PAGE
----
Domicile. “Even when the point of destination is not reached, domicile may shift in itinere , if the abandonment of the old domicile and the setting out for the new, are plainly shown.”.
“Even when the point of destination is not reached, domicile may shift in itinere, if the abandonment of the old domicile and the setting out for the new, are plainly shown.”
A lawsuit, brought in West Virginia, is attempting to determine whether White is a domiciliary of West Virginia or Pennsylvania.
(1) A question of domicil as between the state of the forum and another state is determined by the law of the forum.
Two domiciliaries of Massachusetts of the same sex enter into a marriage in Virginia, which does not allow for same-sex marriages.
A marriage which is against the law of the state of domicil of either party, though the requirements of the law of the state of celebration have been complied with, will be invalid everywhere in the following cases:
(a) polygamous marriage,
(b) incestuous marriage between persons so closely related that their marriage is contrary to a strong public policy of the domicil,
(c) marriage between persons of different races where such marriages are at the domicil regarded as odious,
(d) marriage of a domiciliary which a statute at the domicil makes void even though celebrated in another state.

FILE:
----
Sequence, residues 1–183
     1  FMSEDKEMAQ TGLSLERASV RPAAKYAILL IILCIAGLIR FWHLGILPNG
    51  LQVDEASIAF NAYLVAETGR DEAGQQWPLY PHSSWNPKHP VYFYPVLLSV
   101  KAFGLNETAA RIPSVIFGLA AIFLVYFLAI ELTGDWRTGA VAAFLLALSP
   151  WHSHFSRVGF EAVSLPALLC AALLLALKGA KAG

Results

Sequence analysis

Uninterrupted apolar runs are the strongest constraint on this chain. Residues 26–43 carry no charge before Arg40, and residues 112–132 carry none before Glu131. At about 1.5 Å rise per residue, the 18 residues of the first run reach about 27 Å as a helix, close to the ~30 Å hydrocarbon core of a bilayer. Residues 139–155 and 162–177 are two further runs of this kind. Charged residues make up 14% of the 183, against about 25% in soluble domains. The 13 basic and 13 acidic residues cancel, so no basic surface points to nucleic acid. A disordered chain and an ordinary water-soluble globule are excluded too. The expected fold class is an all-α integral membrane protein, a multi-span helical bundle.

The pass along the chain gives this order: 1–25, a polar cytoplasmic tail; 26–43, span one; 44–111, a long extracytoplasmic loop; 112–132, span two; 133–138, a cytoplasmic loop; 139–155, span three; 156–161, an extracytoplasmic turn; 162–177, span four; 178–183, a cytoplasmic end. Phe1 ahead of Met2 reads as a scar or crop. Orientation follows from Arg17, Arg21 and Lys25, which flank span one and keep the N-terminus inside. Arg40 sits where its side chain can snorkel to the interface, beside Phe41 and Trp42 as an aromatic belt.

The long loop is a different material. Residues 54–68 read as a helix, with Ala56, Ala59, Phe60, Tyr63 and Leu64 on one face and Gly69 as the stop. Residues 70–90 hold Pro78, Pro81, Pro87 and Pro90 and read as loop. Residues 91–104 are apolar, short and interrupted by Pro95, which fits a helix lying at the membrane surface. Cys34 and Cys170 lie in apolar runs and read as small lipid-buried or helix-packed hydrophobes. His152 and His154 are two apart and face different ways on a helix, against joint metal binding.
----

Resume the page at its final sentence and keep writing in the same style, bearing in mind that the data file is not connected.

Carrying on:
A same sex couple domiciled in Virginia get married in Massachusetts. Assuming that a Massachusetts court uses the 1st Rest., will it recognize the marriage?
Mass. 1913 law:No marriage shall be contracted in this commonwealth by a party residing and intending to continue to reside in another jurisdiction if such marriage would be void if contracted in such other jurisdiction, and every marriage contracted in this commonwealth in violation hereof shall be null and void.
If any effect of a marriage created by the law of one state is deemed by the courts of another state sufficiently offensive to the policy of the latter state, the latter state will refuse to give that effect to the marriage.
X and Y, an interracial couple, are married in Illinois, which allows such marriages. Both are domiciled in Illinois. Will they be allowed to cohabit if they are visiting Mississippi, which prohibits such marriages?
X and Y, an interracial couple domiciled in Illinois, are married in Illinois, which allows such marriages. They then establish domicile in Mississippi, which prohibits such marriages. Are they still married?